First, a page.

Shri Sanjeeva Kumar
Union Home Secretary
Dear Shri Sanjeeva Kumar,
I had earlier written to the Union Finance Minister in my letter dated 21-6-2021 on inaccuracies in the affidavit filed on behalf of the government before the apex court on the quantum of compensation payable to the victims of Covid virus. I forward here a copy of that letter for your reference.
I understand that the apex court has since fixed the compensation at Rs 50,000 in the case of a death caused by Covid, evidently on the basis of the arguments put forward by the government against paying a higher compensation. The government’s contention in this regard not only shows inadequate appreciation on its part of the circumstances that caused the devastating second wave of Covid but it also indicates its unwillingness to put in place a rational policy on disaster relief. In this regard, the following concerns are of importance.
(1) Enclosed is a copy of the relevant webpage from the portal of the PM’s National Relief Fund (PMNRF) which shows the details of the ex-gratia amounts paid to disaster victims from 2014-15 to 2019-20. It shows that the government had consistently paid Rs 2 lakhs to those losing lives and Rs 50,000 suffering serious injuries. It is therefore inappropriate for the government to argue now before the apex court that the Covid disaster is different from other kinds of disasters and propose a relief at a quarter of its own norm.
(2) Disaster relief norms seem to depend on the ability of the victims to “negotiate” with the government and on extraneous considerations. For example, the ex-gratia amount paid in West Bengal to the so-called victims of “poll violence” was Rs 2 lakhs per person. When the Prime Minister inspected the damage caused by Cyclone Tauktae in May this year, he announced a relief of Rs 2 lakhs per victim to those who lost their lives, as per the PMNRF norm. A couple of days ago, when violence caused the death of several farmers in Lakhimpur Kheri, the UP government, apparently with tacit endorsement of the senior functionaries at the Centre, agreed to provide relief at Rs 45 lakhs per victim. In other words, the quantum of relief is determined on impulsive, spur-of-the-moment decisions. Victims of disasters like the Covid crisis, who cannot negotiate with the government, are forced to accept whatever the government decides. This raises a serious concern about the lack of sensitivity on the part of the government to the plight of the Covid victims.
(3) The crisis caused by the second wave of Covid is largely manmade, driven largely by the politicians’ undue appetite for power and the absence of any rational advance planning. It is still fresh in one’s memory of how senior politicians felt no compunction in gathering and addressing large election rallies in W.Bengal and the other poll-bound States and holding massive public gatherings for religious congregations like the Kumbh Mela, knowing well that each one of these events would eventually become a superspreader, leading to loss of hundreds of innocent lives. It is the unwary citizens that ultimately became the victims of the Covid virus.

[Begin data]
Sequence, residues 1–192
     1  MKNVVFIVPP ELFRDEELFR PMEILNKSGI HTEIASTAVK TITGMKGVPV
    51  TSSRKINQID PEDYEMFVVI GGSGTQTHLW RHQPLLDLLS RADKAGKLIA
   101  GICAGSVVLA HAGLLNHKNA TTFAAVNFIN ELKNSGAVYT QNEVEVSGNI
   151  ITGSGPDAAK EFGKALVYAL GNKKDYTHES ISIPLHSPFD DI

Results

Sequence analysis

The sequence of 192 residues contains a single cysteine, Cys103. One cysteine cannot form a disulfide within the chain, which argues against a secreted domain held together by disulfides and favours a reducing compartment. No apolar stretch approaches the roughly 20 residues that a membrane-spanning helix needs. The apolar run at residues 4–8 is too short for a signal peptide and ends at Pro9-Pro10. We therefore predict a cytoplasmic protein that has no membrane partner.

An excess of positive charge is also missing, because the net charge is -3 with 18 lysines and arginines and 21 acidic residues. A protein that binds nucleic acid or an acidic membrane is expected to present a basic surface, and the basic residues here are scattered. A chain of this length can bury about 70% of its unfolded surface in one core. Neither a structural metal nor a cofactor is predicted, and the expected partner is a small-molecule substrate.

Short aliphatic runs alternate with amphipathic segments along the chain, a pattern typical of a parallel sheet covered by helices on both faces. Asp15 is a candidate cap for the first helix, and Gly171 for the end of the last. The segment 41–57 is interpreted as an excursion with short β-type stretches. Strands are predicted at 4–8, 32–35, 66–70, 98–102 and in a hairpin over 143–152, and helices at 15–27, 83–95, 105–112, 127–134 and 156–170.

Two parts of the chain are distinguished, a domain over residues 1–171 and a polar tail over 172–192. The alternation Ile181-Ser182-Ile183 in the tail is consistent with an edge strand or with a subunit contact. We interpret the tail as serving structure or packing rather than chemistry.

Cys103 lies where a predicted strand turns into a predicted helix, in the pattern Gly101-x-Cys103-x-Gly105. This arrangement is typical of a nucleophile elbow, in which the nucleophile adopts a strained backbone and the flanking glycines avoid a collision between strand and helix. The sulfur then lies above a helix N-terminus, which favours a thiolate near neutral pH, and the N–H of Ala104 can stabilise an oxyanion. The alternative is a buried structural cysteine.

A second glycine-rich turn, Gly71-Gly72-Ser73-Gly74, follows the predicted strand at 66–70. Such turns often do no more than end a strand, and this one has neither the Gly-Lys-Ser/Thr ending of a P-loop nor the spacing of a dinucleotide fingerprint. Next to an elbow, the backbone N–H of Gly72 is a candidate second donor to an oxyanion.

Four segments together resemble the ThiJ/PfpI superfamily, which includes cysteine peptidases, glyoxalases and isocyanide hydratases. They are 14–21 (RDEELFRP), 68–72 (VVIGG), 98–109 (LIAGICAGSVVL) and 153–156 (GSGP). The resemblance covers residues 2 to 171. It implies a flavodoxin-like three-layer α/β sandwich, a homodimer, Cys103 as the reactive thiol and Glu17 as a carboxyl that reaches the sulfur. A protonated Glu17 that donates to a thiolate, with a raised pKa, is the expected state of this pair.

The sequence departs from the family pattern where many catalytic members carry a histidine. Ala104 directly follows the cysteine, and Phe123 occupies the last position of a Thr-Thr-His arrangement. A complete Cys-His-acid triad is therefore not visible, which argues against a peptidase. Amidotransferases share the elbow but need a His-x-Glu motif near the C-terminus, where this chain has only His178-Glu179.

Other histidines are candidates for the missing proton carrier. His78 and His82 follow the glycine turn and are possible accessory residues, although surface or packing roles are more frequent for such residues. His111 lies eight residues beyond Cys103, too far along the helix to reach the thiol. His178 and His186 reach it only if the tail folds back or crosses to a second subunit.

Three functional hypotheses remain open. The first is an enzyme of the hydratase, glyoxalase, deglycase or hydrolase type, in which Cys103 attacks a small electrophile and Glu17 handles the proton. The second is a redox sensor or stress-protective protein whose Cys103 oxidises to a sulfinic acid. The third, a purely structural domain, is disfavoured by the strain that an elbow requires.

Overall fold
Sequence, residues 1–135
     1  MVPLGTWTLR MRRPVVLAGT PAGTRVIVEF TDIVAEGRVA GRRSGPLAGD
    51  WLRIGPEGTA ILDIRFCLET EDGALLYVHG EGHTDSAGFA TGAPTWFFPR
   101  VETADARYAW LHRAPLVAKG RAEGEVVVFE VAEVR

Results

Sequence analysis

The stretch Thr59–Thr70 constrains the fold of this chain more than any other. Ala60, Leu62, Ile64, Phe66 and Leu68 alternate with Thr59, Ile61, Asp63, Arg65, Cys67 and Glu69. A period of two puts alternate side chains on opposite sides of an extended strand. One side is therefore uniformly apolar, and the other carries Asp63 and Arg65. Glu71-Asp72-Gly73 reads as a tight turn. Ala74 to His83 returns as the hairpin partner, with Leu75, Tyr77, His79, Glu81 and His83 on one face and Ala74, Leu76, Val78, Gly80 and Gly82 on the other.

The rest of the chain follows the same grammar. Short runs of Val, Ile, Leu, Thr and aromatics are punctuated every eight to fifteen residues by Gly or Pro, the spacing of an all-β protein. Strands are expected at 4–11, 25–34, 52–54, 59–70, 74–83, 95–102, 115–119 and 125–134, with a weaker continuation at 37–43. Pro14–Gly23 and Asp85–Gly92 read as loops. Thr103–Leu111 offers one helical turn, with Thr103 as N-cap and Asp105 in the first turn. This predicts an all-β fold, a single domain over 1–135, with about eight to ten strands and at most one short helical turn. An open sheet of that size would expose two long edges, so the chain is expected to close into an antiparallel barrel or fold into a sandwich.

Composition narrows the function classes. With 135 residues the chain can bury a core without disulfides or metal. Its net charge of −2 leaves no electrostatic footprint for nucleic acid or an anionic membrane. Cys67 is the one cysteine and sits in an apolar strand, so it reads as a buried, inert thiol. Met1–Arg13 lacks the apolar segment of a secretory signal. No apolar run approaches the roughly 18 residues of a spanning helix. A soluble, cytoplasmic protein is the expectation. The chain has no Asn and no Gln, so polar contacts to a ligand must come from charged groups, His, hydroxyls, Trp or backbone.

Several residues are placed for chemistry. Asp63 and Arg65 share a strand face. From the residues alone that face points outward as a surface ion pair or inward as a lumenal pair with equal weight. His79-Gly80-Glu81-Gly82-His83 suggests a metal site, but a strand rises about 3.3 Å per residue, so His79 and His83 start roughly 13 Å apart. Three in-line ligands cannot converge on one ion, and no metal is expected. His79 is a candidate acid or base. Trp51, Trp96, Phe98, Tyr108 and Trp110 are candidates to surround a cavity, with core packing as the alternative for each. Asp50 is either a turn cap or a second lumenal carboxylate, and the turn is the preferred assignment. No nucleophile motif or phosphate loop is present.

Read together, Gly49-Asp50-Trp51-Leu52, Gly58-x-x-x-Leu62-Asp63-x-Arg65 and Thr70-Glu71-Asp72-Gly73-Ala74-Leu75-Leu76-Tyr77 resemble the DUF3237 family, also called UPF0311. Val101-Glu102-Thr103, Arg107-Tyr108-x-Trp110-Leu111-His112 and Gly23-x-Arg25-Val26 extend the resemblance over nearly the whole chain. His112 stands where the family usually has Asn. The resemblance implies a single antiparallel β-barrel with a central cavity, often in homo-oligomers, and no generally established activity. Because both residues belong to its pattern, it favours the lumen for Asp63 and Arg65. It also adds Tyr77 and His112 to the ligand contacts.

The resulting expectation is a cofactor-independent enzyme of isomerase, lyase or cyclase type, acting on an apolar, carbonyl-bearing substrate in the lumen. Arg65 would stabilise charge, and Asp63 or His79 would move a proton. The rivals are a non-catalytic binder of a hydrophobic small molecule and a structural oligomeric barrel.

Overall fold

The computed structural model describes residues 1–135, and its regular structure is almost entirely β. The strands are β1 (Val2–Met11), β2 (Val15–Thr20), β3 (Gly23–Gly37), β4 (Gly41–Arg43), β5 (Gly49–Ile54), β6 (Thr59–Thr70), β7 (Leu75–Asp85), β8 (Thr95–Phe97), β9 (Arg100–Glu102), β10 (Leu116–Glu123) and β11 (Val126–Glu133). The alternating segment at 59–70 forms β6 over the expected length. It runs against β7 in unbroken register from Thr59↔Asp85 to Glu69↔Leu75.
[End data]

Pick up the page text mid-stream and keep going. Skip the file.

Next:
(4) The government seems to be blissfully unaware of the manner in which the unplanned campaign against the Covid second wave resulted in public hospitals getting overbooked and the poor forced to scramble to the unregulated private hospitals, only to be fleeced in a brazen manner. It is the poor, who paid the price for this. I am aware of instances in which the poor families, each paying as much as Rs 3-5 lakhs of rupees to private hospitals, exploited their helplessness and charged them indiscriminately, despite the fact that the patients failed to survive. Apparently, there is no rational basis for arriving at the latest norm of Rs 50,000, as it bears no relation to the hospital charges.
(5) Article 21 of the Constitution has provided the citizen with the “right to life”. In the case of the deaths caused by Covid, as explained above, they are largely attributable to the failures on the part of the government, such as, lack of anticipation and planning, inadequacy of hospital infrastructure, oxygen supply shortfalls, delays in vaccination drive and so on. The government, in my view, should have honestly owned its responsibility and compensated the victims on rational considerations by assigning a value to human life on scientific lines. It is unfortunate that no such inputs were provided by the government to the apex court.
(6) In its arguments before the apex court, the government seems to have pleaded that a higher quantum of compensation could not be afforded by it. I am surprised that such an argument should be put forward without the government making an earnest effort to review its own expenditure profile, prioritise the essentials in preference to the non-essentials and create enough space for paying the Covid victims what is legitimately due to them.
(7) The least that the government could have done in this matter is to display its sensitivity to the needs of the poor and agreed to provide compensation to them at the PMNRF norm of Rs 2 lakhs per victim. I find that the averments of the government before the apex court lacked the necessary empathy and sensitivity.
I feel that as a responsible institution acting on behalf of the disadvantaged sections of the population, the government should suo motu agree to a higher compensation, irrespective of what it has committed to the apex court.
E A S Sarma
Former Secretary to Govt of India